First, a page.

In a study reported in a research letter in JAMA Oncology, Morice et al found that pancytopenia was associated with use of poly (ADP-ribose) polymerase (PARP) inhibitors for cancer treatment, according to drug adverse event reports in the World Health Organization global pharmacovigilance database VigiBase.
The study involved data on individual drug adverse events reported in VigiBase from the first report of a PARP inhibitor–related adverse event in 2009 through March 2021. PARP inhibitors included in the analysis were olaparib, rucaparib, niraparib, talazoparib, and veliparib. Overall, 23,305 adverse events associated with the five PARP inhibitors and 20,269,537 adverse events associated with any drugs were reported during this period. Risk of pancytopenia was expressed as reporting odds ratio, representing observed and expected drug-adverse events associations using the full VigiBase database as the comparator.
Pancytopenia was significantly associated with the PARP inhibitor drug class, with 201 reports of pancytopenia in the database (reporting odds ratio [ROR] = 5.5, 95% confidence interval [CI] = 4.6–6.7). Among the 201 reports, 194 (97%) were for serious pancytopenia.
To our knowledge, this work is the first to highlight a substantial association between PARP inhibitor class and an increased risk of reported pancytopenia. Our results indicate that half of the patients in this study with available data had an early onset of pancytopenia within the first 2 months after the initiation of PARP inhibitor treatment for cancer, suggesting the need for enhanced blood surveillance.— Morice et al
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The association of pancytopenia was significant for each PARP inhibitor included in the analysis, with reporting odds ratios of 17.4 (95% CI = 8.9–34.0) for talazoparib, 6.8 (95% CI = 5.3–8.9) for niraparib, 5.3 (95% CI = 3.7–7.6) for olaparib, 8.2 (95% CI = 2.5–27.1) for veliparib, and 2.2 (95% CI = 1.2–4.0) for rucaparib.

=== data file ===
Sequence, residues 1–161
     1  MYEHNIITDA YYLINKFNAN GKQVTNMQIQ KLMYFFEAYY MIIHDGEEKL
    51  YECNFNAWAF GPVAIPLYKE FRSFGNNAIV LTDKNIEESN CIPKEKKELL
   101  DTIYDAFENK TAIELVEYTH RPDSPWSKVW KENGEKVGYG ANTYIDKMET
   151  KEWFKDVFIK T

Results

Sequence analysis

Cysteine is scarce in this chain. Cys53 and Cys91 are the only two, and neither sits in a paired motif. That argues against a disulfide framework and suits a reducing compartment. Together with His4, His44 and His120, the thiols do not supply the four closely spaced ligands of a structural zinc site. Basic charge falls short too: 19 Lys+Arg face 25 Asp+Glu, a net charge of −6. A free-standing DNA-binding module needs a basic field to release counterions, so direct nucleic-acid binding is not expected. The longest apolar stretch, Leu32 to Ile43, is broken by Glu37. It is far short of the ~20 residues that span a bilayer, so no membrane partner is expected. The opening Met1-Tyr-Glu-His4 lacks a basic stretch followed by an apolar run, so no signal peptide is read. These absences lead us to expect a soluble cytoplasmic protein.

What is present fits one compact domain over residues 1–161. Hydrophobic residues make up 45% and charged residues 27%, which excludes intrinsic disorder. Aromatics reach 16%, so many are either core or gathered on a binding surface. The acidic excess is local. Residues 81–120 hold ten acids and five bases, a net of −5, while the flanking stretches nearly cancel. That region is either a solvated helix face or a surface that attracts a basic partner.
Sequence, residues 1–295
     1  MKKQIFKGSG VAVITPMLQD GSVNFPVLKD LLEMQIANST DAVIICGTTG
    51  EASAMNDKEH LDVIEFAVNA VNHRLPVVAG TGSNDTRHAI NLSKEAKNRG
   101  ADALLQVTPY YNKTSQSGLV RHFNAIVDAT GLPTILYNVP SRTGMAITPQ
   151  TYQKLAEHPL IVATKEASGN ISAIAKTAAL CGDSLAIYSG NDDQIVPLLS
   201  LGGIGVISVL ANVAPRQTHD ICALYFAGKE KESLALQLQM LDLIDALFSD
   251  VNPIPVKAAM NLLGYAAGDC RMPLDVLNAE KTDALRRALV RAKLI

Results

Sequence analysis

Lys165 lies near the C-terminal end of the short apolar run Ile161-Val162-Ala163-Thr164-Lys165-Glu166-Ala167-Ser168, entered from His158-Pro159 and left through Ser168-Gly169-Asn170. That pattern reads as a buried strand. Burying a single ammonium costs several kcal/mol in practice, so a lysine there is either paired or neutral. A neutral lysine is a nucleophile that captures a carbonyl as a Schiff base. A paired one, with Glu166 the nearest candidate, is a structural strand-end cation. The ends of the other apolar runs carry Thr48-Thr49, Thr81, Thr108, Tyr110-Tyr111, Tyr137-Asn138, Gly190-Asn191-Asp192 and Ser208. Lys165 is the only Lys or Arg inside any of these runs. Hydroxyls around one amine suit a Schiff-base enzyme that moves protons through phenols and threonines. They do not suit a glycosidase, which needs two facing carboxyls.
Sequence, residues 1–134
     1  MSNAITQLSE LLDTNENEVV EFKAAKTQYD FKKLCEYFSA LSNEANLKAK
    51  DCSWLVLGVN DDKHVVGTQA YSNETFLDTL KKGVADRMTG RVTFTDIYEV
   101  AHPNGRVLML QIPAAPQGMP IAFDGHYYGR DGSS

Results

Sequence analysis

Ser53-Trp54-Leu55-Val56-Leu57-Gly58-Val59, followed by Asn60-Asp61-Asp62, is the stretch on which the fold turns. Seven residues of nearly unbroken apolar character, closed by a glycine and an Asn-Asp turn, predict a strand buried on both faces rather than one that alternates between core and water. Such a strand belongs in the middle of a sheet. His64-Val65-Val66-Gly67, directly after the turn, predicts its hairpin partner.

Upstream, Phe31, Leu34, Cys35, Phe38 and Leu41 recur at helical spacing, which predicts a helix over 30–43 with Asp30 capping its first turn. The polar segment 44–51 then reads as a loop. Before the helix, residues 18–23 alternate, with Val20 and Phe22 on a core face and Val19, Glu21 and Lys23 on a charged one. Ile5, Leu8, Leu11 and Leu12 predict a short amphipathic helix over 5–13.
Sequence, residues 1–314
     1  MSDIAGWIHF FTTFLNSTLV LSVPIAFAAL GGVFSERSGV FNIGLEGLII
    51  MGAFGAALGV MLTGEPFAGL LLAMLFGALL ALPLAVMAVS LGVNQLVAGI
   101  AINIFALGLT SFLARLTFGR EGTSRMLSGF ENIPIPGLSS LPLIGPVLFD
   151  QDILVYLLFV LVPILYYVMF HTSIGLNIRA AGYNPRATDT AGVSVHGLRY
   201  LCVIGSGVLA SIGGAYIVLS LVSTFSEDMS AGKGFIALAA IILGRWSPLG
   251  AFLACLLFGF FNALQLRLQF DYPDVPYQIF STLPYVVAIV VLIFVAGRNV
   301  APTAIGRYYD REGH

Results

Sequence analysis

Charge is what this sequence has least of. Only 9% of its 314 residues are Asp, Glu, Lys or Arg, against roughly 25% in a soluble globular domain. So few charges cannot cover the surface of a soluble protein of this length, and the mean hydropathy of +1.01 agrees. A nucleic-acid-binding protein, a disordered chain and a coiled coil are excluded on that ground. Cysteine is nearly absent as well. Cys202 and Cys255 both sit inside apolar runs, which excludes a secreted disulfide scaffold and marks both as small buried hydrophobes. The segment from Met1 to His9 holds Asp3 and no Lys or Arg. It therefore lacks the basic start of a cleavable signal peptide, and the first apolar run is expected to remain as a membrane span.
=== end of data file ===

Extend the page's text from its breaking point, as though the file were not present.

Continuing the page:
Among 48 patients with available data, median time to onset of pancytopenia from start of PARP inhibitor exposure was 1.6 months (interquartile range [IQR] = 0.7–11.0 months, range = 0.2–29.9 months).
Among 20 patients with available data, median duration of pancytopenia was 1.5 months (IQR = 0.9–3.1 months, range = 0.4–9.0 months)
Among 157 patients with known treatment management, 72% discontinued treatment, 17% were given a dose reduction, and dosing was unchanged in 11%.
Among 146 patients with adverse events co-reported with pancytopenia, 18 (12%) reported myelodysplastic syndrome or acute myeloid leukemia.
Among 117 patients with known outcome, 59% had recovered or were recovering, 26% had not recovered, and 15% had died.
The investigators stated, “To our knowledge, this work is the first to highlight a substantial association between PARP inhibitor class and an increased risk of reported pancytopenia. Our results indicate that half of the patients in this study with available data had an early onset of pancytopenia within the first 2 months after the initiation of PARP inhibitor treatment for cancer, suggesting the need for enhanced blood surveillance.”
Joachim Alexandre, MD, PhD, of the Department of Pharmacology, Caen University Hospital, Normandie University, Caen, France, is the corresponding author for the JAMA Oncology article.
Disclosure: For full disclosures of the study authors, visit jamanetwork.com.